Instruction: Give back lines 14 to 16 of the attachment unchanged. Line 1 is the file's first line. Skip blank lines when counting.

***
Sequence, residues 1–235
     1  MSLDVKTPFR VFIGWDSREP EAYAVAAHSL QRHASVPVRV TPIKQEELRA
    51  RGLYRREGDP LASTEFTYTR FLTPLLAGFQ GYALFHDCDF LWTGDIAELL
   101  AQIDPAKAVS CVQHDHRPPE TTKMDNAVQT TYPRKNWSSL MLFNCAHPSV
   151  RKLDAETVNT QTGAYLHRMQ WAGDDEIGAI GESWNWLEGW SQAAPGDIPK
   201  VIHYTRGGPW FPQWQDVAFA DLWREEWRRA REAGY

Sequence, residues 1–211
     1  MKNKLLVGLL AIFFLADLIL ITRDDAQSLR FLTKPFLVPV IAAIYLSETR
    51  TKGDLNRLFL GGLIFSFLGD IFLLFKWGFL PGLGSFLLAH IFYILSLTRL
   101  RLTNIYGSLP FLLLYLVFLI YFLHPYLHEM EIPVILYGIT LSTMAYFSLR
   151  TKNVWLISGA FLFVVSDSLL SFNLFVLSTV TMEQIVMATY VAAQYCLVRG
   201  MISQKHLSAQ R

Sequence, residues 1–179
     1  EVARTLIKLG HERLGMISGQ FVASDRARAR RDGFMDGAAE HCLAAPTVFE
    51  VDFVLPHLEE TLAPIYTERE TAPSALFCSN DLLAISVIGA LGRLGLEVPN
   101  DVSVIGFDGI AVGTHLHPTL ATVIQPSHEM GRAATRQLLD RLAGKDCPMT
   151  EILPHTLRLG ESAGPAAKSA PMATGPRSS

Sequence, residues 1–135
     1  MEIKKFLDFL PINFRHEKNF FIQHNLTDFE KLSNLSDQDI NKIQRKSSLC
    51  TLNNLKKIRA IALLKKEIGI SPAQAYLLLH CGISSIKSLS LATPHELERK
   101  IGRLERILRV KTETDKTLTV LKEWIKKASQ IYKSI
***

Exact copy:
     1  EVARTLIKLG HERLGMISGQ FVASDRARAR RDGFMDGAAE HCLAAPTVFE
    51  VDFVLPHLEE TLAPIYTERE TAPSALFCSN DLLAISVIGA LGRLGLEVPN
   101  DVSVIGFDGI AVGTHLHPTL ATVIQPSHEM GRAATRQLLD RLAGKDCPMT